Nollywood actor Sola Sobowale talks about her life and carrier
Pretty, charming, witty, tough are some of the adjectives that describe ace thespian, Sola Sobowale. In this interview, she talks about her career, family and other things
As a kid, did you entertain thoughts of becoming an actress?
Growing up, I remember that I represented Ondo State at many sporting events. I was also fortunate to have a brother-in-law, Tunji Oyelana, aka Sura the Tailor, who was a lecturer at the University of Ibadan. He was also a singer and an actor who made me love the arts. It was with his help that I became an actress.
What was the reaction of your parents when you made it known to them that you wanted to become an actress?
I was the apple of their eyes, but they weren’t in support. My father was a retired principal, while my mother was a former headmistress. My dad actually wanted me to become a teacher, while my mum wanted me to become a nurse. In a way, I’m still doing those things they wanted, albeit in a different way. When you watch my movies and smile, that’s a form of therapy because you’re relaxed watching me. I also teach through my movies, highlighting the difference between right and wrong. In all, I give God the glory that before they passed on, they accepted me and my profession. There was a time I was to receive awards for acting at three different places, and my parents went to represent me at those events as well as receive the awards on my behalf.
How long did it take for your parents to support for your career?
With Tunji Oyelana’s help, it was quite easy to get their support. If my brother-in-law hadn’t stepped in, I wouldn’t have been able to convince them because in my house, when daddy says no, mummy says no too. Mr. Oyelana made my parents understand that acting is a profession and not all actresses are wayward. Besides, there are wayward people in every profession; it depends on the individual. I thank God that I made something fantastic and fabulous out of my career.
As of the time you got into the movie industry, how was the structure in comparison to what obtains now?
I started with Sura the Tailor and then moved to Village Headmaster, and from there to Mirror in the Sun. At the time home video came in, I joined, and worked as a freelancer with any producer that needed my service. Then, I was lucky to work with Adebayo Salami, and we shot Asewo To Re Mecca. It was quite tough in those days, but because of the passion we had for the job, we kept going on. Before home video though, I shot a celluloid movie titled Eri Okan with Adebayo Salami. Eventually, marketers came in, and some of them were very good; they were the only medium through which we could sell our movies. I’m happy for where we are now. We have modern cinemas, and we’re known all over the world. There was a time I went to Jamaica, and the people there recognised me from TV. Some months ago when we went for a film festival in Toronto, we were recognised. We are indeed growing bigger, and I’m glad I’m still part of the system.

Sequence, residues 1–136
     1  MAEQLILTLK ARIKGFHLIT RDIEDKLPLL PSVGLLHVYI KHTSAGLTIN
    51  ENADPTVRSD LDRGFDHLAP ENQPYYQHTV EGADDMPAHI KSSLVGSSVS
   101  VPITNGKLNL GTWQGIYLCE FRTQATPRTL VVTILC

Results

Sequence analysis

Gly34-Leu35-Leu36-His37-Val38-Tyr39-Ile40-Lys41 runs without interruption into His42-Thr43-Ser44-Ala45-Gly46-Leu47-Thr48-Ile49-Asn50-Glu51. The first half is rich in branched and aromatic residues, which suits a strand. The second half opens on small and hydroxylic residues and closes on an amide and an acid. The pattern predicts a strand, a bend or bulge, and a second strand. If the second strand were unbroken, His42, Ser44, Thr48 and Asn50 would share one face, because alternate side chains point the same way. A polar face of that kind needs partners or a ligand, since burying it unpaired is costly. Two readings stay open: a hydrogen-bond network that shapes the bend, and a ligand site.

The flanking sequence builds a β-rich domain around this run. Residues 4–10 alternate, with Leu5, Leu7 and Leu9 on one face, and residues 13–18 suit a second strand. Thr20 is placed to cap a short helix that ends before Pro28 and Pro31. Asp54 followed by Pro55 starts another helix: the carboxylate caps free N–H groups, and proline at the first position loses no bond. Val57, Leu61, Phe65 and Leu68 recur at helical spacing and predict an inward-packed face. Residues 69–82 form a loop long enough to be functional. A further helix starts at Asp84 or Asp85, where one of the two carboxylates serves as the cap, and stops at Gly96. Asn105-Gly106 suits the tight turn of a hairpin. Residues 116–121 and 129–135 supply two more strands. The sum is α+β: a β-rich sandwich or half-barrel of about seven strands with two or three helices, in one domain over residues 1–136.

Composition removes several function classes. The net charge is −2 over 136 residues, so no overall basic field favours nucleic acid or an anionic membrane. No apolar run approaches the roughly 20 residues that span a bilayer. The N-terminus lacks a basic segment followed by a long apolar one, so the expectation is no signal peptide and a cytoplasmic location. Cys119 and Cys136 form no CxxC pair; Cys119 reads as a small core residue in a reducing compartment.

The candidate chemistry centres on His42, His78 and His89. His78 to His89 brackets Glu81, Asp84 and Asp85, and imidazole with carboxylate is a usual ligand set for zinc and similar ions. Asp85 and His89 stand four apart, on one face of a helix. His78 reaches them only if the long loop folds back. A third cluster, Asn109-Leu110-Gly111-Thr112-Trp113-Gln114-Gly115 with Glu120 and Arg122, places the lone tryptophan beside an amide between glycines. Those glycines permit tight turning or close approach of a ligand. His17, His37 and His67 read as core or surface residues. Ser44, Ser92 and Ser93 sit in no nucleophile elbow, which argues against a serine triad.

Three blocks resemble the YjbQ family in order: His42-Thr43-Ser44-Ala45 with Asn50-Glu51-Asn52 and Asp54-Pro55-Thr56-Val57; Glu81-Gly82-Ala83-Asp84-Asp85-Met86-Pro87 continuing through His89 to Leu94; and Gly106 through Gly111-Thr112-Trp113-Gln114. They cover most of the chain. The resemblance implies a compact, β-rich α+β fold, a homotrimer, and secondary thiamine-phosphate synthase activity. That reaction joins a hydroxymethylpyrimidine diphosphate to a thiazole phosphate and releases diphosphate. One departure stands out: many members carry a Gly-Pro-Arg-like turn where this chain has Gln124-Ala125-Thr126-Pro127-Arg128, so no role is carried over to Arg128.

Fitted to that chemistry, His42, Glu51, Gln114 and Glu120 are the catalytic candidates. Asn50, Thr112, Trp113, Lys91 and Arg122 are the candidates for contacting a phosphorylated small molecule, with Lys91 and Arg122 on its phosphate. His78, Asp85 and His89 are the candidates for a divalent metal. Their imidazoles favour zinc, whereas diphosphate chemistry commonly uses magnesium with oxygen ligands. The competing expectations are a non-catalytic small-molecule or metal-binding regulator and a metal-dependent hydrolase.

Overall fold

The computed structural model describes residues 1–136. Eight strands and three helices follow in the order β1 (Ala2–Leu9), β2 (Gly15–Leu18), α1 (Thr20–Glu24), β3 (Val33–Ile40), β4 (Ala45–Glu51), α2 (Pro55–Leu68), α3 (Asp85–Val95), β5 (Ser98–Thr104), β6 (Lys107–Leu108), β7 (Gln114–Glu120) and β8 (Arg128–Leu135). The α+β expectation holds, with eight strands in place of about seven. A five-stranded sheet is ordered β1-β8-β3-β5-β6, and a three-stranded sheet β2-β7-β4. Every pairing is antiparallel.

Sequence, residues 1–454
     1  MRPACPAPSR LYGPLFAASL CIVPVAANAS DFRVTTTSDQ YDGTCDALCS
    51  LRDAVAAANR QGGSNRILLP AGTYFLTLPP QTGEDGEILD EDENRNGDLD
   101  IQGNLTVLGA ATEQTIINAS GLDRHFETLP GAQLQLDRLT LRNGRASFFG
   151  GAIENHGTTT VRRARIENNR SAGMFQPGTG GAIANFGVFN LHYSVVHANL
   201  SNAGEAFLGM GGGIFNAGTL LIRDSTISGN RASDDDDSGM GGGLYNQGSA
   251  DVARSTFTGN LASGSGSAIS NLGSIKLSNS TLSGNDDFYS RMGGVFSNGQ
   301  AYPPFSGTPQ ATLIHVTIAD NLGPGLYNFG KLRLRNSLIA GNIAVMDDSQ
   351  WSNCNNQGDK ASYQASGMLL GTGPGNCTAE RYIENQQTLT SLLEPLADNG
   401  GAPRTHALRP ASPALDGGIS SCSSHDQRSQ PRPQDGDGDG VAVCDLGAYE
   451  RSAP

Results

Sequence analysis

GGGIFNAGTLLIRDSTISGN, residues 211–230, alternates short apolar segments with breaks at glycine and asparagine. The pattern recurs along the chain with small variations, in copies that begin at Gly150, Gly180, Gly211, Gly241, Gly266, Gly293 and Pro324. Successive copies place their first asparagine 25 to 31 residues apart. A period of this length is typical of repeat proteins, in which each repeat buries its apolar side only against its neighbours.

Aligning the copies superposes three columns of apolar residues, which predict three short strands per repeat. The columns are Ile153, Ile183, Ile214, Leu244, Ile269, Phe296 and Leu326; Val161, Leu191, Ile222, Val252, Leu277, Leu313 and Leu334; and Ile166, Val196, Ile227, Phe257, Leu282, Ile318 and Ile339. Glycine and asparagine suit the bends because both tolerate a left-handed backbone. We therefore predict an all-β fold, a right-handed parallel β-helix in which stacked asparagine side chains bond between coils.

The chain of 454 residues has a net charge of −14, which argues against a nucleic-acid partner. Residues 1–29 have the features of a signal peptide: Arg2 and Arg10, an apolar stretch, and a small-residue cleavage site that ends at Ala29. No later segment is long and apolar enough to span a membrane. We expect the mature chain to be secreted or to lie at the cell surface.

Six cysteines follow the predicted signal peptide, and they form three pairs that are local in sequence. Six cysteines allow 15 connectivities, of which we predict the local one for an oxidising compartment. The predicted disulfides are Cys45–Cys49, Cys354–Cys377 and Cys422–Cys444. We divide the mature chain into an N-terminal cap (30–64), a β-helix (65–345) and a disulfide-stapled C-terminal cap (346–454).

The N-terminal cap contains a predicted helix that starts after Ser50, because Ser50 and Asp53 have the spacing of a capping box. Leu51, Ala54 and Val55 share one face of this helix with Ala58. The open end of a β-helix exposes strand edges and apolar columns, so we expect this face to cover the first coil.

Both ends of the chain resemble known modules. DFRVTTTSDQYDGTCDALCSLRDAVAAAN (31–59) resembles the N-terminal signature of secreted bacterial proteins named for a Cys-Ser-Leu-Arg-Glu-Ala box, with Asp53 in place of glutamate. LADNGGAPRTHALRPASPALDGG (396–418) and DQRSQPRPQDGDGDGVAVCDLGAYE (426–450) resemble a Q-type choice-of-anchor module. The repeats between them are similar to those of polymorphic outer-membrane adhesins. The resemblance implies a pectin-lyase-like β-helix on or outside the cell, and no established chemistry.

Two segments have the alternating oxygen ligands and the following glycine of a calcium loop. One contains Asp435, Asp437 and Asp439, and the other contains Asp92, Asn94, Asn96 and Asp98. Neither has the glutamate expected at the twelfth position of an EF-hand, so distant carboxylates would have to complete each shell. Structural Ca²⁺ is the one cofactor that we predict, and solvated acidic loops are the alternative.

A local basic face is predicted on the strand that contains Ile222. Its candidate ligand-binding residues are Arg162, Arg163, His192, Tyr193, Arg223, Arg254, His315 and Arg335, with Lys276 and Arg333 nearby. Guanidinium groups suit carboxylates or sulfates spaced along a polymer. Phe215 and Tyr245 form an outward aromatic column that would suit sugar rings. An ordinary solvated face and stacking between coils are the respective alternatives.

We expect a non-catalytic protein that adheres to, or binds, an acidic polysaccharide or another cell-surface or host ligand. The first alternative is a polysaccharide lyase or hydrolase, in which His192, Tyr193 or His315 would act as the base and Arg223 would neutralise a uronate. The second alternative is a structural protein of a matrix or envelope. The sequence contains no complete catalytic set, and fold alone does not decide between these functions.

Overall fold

Did you undergo any form of training when you first joined the industry?
I did train in acting but it was more of a grassroots kind of training and that’s why I act more in Yoruba movies. But I’m a typical Nigerian lady, and I like to be seen and heard all over. I do everything, provided the script has content, substance, and people can learn from it.
Which of your movies would you say brought you into the limelight?
All my movies have been wonderful and people love them. It is not by my power though, but the grace of God. However, it was Toyin Tomato that took me outside the shores of Nigeria, and I’m thankful to Wale Adenuga for giving me the opportunity. I’ve been invited to many countries on the strength of that job.
Does the character Toyin Tomato have any semblance to your actual personality?
I give God all the glory and that’s the paramount thing. Whenever I want to do anything, I give it my best. I don’t have a shop, and I’m not a good businesswoman; acting is what I know how to do best. I love making people happy through acting, and I put in my all. I usually ask God for direction whenever I’m given a job to do because you can’t do anything without God. Whenever you see me on screen, just know that God is in control.